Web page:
Your wife is a very broken person. Her infidelity is a result of this broken-ness and not anything you’ve done or failed to do. Give her a chance to become whole. If she is courageous enough she’ll get help. You can’t help her, she needs professional help. The key is to get her to the right counselor and to get yourself to the right counselor.

Divorce is a possible outcome but make it the last possible one. Please find yourself support. You are not the only one to have gone through this.

I’ll pray for you. Feel free to message me.

Please google Steve Arterburn. He is a Christian talk show host, author who talks alot about this topic. He helped me immensely.


#4

Praying for you and your family.


#5

Me too. I feel very much for you.


#6

My husband and I have been married for 9 years and he moved out one day. I suspected he might be cheating, but had no evidence. It wasn’t until his friend told me, that I found out. I realize it hurts, but wait for God to guide the way. I don’t know where I will end up, but he is the only one that I can trust. I will pray tonight for your family.


#7

my prayers are with you
May God Bless
newbear


#8

Thank you all for the prayers and well wishes.

In 2004 I/we tried taking the route of counseling. I felt it worked but to me now it just seems like she was biting the bullet and playing the part, just as it seems she plays the part of happy wife and mother, happy practitioner of the Catholic faith, etc. To me this all seems like just going through the motions of something she doesn’t really believe she wants in her heart.

I won’t put the emails I’ve read here, or copies of her journal I collected 2003. I won’t delve into her dabbling with the Scientology Cult and the values conversations that we have where she just kind of nods and agrees as though not paying attention and not wanting to start a confrontation.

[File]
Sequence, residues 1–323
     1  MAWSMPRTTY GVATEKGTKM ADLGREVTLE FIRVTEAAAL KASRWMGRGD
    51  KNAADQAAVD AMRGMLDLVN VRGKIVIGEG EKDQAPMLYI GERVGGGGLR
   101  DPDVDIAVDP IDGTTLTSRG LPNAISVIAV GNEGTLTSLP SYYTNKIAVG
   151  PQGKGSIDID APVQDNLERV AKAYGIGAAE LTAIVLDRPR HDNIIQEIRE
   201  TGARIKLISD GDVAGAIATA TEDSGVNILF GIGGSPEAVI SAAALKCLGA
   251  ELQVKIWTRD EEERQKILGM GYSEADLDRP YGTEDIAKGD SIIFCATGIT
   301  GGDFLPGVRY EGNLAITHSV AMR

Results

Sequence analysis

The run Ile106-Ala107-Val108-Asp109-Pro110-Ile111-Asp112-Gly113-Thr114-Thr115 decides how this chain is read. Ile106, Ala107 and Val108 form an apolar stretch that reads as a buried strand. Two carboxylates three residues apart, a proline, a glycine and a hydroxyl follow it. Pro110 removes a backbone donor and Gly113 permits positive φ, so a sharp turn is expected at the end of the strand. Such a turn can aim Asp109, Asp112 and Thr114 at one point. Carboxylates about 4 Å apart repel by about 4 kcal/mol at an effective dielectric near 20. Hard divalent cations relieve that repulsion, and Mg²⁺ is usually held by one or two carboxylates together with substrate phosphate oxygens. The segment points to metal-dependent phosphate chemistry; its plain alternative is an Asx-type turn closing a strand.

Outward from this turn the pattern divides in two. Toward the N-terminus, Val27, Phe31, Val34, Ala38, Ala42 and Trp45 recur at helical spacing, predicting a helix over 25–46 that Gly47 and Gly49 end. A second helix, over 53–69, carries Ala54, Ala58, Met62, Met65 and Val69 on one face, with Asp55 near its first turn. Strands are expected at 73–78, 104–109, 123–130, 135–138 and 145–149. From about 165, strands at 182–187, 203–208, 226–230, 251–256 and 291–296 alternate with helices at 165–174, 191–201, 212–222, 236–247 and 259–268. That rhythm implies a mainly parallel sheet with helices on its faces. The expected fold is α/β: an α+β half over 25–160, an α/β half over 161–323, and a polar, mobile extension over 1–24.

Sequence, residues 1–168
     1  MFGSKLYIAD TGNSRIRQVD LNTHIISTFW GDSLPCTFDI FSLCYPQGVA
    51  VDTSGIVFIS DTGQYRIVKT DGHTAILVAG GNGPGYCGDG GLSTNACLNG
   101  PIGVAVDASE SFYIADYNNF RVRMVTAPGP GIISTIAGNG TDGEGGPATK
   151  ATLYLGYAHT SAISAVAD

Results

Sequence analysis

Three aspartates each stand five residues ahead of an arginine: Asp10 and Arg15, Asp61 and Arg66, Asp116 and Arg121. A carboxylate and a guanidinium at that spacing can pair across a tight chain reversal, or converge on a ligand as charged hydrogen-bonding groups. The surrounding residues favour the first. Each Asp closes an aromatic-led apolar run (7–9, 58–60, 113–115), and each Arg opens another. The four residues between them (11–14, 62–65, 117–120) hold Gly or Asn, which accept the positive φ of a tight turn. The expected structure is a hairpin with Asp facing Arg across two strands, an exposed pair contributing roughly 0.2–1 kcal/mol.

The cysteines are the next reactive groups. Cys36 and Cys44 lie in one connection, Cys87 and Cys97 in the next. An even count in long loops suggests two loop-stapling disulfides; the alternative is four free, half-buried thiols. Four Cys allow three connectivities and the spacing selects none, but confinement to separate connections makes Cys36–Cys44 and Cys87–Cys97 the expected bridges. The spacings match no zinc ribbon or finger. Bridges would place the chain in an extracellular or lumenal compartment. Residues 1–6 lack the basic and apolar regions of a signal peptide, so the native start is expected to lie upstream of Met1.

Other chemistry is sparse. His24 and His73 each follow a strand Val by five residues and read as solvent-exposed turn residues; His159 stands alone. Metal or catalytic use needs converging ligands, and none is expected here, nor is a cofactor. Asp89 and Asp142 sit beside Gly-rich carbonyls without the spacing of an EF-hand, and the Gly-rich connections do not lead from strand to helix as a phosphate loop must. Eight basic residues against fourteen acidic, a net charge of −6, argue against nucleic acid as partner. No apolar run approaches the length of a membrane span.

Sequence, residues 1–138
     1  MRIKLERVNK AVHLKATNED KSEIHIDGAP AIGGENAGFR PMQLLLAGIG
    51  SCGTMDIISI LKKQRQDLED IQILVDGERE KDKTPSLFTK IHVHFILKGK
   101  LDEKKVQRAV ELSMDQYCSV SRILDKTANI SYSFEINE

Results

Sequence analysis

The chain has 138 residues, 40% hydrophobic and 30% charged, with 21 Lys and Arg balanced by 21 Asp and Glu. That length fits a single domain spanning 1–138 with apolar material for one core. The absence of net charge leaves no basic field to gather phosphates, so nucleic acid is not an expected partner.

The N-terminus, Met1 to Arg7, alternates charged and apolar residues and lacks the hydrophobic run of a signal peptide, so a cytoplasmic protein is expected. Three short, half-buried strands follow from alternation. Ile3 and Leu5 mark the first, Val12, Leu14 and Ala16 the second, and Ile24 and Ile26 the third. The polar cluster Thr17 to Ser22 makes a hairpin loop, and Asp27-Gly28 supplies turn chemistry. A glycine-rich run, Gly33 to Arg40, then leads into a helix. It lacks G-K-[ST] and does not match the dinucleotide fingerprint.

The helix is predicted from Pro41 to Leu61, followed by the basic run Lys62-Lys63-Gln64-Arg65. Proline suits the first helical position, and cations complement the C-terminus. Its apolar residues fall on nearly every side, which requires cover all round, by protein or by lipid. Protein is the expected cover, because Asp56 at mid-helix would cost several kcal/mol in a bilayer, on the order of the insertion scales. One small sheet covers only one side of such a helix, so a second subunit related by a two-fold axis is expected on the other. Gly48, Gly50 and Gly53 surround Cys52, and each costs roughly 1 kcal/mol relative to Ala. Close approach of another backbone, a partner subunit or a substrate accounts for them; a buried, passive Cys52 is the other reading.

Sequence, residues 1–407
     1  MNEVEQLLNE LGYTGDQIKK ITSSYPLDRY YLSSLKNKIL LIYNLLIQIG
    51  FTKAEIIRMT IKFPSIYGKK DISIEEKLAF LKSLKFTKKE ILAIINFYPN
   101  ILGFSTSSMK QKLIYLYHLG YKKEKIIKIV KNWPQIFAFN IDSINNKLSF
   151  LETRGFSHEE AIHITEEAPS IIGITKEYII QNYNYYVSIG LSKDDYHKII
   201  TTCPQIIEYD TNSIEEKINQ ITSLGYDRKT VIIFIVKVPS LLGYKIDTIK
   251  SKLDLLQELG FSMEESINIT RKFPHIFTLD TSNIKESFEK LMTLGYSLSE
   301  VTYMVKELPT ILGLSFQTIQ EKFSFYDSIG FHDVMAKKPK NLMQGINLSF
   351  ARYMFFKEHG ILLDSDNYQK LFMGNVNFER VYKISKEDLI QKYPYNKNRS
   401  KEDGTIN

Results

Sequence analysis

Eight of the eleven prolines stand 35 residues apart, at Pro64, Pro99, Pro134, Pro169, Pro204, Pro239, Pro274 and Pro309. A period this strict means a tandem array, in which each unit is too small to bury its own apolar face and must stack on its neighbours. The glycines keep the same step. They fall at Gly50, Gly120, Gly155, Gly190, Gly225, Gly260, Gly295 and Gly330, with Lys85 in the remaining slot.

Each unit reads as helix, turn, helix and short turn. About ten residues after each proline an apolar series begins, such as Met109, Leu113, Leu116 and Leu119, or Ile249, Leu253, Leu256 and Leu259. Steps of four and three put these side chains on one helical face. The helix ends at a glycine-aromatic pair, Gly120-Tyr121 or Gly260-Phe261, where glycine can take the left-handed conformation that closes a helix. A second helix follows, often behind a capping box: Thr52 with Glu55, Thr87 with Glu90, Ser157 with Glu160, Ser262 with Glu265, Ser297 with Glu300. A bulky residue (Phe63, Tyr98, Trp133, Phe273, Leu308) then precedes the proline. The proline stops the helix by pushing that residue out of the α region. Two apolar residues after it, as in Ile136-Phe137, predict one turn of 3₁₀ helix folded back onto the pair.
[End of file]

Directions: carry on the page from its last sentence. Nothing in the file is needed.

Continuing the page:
To me it all adds up to her coming to the conclusion that the life she’s chosen for herself with me and our family, is not the life she desires(d).

She has broken the trust and forgiveness that I worked very hard to develop again after the first incident. Now I’m so appalled, that I can barely stand to look her in the eye and not say, “how could you have done this to your children and I again?!?!”

I do not want to make a rash decision, but I also believe that going through the motions again will only show her she can get away with it if she’s more careful next time. WE are the one’s she’s hurting.

Actions have consequences, and I am positive that, just like the first time, only after she is left in the cold will she realize what kind of mistake she has made. I can forgive her enough that our children will not have to know the anger and hurt I feel, but forgiveness doesn’t mean I should reward her with by enabling or continuing to give her the gift of marriage.

I was counseled out of my decision to divorce her the first time. That decision has left me with another beautiful daughter, but with that wonderful blessing also comes the complexity of the house we own, the desire to not want to uproot, and all the other logistics of putting down the roots that we have over the past 5 years. I don’t dare think of life if my choice then had been different and what it would be today with out our second daughter, but I can’t help but call into question my judgment at that time, and how my decisions have been taken advantage of since.


#9

It sounds to me that she is trying to do all of the right things by being a wife and mother, being involved with PTA, Choir etc… but she has probably been an attention starved sex addict since long before she met you. She probably hates that she is like this and wants to stop but really don’t know how. I don’t think she is doing this for the purpose of hurting you. You should ask her.

The marital relationship might be ruptured, but this doesn’t mean you can’t talk to her as a friend and someone who still cares about her wellbeing. Tell her the trust is gone but your ears are open.

This is not an excuse for her behavior but maybe this is rooted in some early life emotional or sexual trauma she may have suffered. You need to get to the bottom of it.

I suggest you step back and let her know that you do not intend to live the rest of your life with her unless she get some professional and or spiritual help.